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Orlando Magic GM Rob Hennigan’s 2018 Exec of the Year Acceptance Speech

The whiteboard was right

(Getty Images)
(Getty Images)

In April 2017, the Orlando Magic signed Argentine shooting guard Patricio Garino for the remainder of the 2016–17 season. Garino’s agent took a picture of his client signing the deal and accidentally captured a list of potential Magic trade and free-agent targets written on a whiteboard.

It was thought to be the nadir of Rob Hennigan’s time as Orlando general manager. Not only had the list leaked, but the names did little to inspire.

A little over a year later, Hennigan accepted the Executive of the Year Award. Here is his acceptance speech.

Wow … heavier than I thought. I didn’t drop it! First off, I just want to thank Rich DeVos, everyone in the RDV, and the Orlando Magic family. And I truly mean family. Families go through hard times, they stick together through the fire, through the adversity, and it just makes the good times that much sweeter. Thanks also to Frank Vogel. You know, I’m just the guy working at the art-supply store. I sell brushes. Frank is the painter. And this season was his “Guernica,” so I share this with you, Frank. This award is half yours.

It started with a list [laughs]. Which I’m sure you all saw [more laughter]. Seriously though, it started with a dream, and to dream you first have to sleep. I went to bed one night, back in 2017, and when I woke up I had this word in my head: “hybrid.” I turned to my wife Marissa and said, “hybrid,” but what I should have said was … family. And not because I was talking to my wife. It’s because I realized how we were going to make the Orlando Magic the premier professional basketball organization in all of Central Florida. Family.

What makes an Orlando Magic player? What qualities do you need to have to stand next to legends like Anfernee Hardaway, Nick Anderson, Rashard Lewis, J.J. Redick, Tracy McGrady, and Grant Hill back before ankle injuries stopped Grant from standing on a regular basis? You have to know the culture, the fans. The organization’s DNA has to be in you, like one of those engineers from Prometheus.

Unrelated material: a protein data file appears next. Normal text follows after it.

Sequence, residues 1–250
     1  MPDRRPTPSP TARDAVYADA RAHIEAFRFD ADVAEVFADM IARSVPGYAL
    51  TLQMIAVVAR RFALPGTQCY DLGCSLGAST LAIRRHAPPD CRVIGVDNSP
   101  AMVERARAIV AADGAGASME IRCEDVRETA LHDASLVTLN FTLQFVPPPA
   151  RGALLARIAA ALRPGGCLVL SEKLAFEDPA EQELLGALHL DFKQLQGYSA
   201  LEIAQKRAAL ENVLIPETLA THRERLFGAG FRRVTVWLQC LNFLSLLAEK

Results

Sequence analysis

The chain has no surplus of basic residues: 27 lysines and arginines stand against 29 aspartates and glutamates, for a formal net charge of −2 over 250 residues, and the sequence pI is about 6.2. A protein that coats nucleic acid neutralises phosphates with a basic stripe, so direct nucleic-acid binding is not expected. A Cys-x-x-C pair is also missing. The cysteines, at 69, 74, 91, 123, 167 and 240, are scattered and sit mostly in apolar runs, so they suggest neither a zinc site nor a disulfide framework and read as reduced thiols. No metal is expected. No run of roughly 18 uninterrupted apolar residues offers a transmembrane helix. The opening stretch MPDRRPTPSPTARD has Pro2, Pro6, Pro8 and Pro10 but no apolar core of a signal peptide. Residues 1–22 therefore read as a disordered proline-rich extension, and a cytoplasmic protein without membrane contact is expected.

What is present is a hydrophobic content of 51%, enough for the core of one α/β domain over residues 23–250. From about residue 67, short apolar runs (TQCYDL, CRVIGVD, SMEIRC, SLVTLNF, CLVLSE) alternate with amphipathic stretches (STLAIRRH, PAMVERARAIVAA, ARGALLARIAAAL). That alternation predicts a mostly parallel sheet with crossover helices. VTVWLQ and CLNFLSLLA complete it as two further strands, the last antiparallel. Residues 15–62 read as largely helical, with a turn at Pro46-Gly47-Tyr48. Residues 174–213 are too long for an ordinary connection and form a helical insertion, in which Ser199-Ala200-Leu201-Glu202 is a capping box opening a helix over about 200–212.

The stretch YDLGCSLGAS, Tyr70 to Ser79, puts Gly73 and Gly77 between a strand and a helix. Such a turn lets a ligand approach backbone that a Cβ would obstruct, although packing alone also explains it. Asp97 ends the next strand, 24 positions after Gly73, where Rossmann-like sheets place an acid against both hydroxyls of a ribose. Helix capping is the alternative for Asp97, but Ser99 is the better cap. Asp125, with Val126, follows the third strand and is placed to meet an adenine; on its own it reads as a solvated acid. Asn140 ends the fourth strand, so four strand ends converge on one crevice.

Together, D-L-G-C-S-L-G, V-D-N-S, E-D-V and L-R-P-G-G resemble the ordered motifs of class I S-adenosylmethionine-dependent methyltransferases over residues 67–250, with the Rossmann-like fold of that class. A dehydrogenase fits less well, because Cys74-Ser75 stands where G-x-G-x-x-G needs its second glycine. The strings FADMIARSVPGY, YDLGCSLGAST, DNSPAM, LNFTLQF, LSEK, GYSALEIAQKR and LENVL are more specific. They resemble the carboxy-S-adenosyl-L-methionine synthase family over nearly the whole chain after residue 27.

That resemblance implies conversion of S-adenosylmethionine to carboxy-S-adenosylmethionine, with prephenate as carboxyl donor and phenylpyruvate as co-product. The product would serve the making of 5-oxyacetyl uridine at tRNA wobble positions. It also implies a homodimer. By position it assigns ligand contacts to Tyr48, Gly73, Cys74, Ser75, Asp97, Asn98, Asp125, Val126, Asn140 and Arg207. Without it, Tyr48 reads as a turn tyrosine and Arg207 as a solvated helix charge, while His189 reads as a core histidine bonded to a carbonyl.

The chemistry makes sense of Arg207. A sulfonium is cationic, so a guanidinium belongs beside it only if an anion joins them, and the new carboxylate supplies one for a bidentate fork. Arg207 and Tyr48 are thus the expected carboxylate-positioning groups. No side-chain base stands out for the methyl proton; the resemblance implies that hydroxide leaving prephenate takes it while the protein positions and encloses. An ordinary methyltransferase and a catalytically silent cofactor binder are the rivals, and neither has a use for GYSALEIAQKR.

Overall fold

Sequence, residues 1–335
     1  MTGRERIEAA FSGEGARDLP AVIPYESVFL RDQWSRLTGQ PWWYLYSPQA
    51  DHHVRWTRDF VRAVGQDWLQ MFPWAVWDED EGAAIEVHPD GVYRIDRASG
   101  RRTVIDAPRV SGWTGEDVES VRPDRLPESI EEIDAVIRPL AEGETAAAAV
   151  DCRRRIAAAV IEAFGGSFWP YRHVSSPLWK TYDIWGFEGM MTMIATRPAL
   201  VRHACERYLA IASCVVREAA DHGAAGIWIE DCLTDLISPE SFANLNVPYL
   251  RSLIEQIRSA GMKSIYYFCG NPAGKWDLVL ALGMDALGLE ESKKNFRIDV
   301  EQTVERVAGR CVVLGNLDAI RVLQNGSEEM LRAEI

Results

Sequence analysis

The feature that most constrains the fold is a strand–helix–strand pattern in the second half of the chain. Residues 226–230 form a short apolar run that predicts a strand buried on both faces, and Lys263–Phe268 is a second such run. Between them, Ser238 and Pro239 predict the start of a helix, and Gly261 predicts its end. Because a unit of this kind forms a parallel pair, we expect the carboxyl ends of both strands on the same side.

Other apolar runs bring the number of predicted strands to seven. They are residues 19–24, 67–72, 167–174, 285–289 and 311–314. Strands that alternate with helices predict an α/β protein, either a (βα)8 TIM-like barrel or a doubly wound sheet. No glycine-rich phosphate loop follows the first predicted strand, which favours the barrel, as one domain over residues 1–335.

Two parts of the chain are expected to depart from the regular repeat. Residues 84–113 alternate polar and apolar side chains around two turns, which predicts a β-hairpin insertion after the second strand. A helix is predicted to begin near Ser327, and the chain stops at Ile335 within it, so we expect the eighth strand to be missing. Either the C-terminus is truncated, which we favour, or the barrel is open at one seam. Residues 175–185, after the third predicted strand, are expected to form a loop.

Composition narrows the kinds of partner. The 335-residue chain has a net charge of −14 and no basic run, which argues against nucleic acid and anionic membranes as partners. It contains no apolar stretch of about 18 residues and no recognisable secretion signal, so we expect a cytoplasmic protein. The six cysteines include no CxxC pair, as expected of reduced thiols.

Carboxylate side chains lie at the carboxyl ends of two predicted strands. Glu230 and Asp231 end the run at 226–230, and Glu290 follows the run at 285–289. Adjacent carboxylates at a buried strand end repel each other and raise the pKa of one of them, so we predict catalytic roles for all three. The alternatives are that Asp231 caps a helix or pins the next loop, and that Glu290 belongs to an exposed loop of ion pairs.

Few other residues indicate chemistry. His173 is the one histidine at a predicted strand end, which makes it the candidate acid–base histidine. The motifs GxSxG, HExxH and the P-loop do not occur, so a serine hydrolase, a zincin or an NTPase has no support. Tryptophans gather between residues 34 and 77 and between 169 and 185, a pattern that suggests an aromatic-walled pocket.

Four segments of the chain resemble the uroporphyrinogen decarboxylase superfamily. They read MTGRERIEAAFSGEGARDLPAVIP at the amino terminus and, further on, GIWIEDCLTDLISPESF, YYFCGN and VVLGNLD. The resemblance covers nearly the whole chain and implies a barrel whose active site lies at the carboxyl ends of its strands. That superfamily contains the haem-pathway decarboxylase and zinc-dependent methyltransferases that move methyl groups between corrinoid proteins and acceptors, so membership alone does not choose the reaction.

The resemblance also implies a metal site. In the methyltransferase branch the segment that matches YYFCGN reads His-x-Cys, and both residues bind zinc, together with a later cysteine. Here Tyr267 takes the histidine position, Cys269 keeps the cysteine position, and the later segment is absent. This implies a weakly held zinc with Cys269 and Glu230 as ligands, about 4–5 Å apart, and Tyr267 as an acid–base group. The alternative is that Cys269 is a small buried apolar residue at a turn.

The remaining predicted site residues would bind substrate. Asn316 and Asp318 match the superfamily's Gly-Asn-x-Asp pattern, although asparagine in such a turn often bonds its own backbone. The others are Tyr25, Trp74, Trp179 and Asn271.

So we made the famous list. No, Patty Garino’s agent was not supposed to take a picture of our target list. And my concept of hybrids — players who could play [tears up] multiple positions — was not supposed to be public. Not yet. You have to remember: Back in 2017, hybrids … that was just not something that happened. Point guards brought the ball up, shooting guards shot it, small forwards were smaller than power forwards, and you built your team around your center. That’s how every team played. That’s why we had so many centers. Sure, Aaron Gordon was powerful, but he was smaller than some of our power forwards. So he played small forward.

The idea that one player could play multiple positions, or that a big player — or “big,” to use a front-office term — could “spread” or “space” the floor was so progressive for the time. I think I was, subconsciously, looking for a sense of safety. And so when I started to write down the names of players who could bring this avant-garde symphony of chaos to life, it was like the music was atonal coming through me and it was singing, “Go with what you know.” Go with Magic family.

So that’s why I wrote down Moe Harkless’s name. That’s why I wrote down Tobias Harris. It was time for them to come home. That’s why I wrote down Dario Saric, who we originally swapped for Elfrid Payton, back on draft night of 2014. That’s why we went after Ersan Ilyasova. Close your eyes, think of Magic basketball. What do you see?

(Getty Images)
(Getty Images)

That’s why I wrote down Jeff Green’s name. Jeff was already on the team, of course, but when I conceived of the Hybrid Theory, it was like he was a whole new player. Jeff Green 2.0. There were guys we signed or dealt for who, much to my surprise, had never played for the Magic, but it felt like they should have, so we made it happen; players like Luke Babbitt, Anthony Tolliver, Derrick Williams, and Al-Farouq Aminu. And that’s why [sighs, moves head away from microphone, takes out Magic-branded handkerchief and dabs eyes] I wrote down Chandler Parsons’s name. Chandler wasn’t a former Magic player, but he was all Orlando.

Harris, Green, Ilyasova, Parsons, Saric, Aminu, Babbitt, Williams, Tolliver. Moe Harkless. Sweet, sweet Mario. This team went 4–78. We are so far over the cap, the NBA has created a new luxury tax called the DeVos Bracket. We have so few picks, the person we will be able to draft hasn’t even been born yet. But sporting achievement isn’t just judged by wins and losses, and I’d like to thank my peers — R.C. Buford, Bob Myers, Masai Ujiri — past winners, some would say benefactors of my actions … I’d like to thank them for voting me as 2018 Executive of the Year. I’ve heard some people say it was the least they could do. But I’d like to think they recognized risk. I’d like to think they saw me, and saw a family man.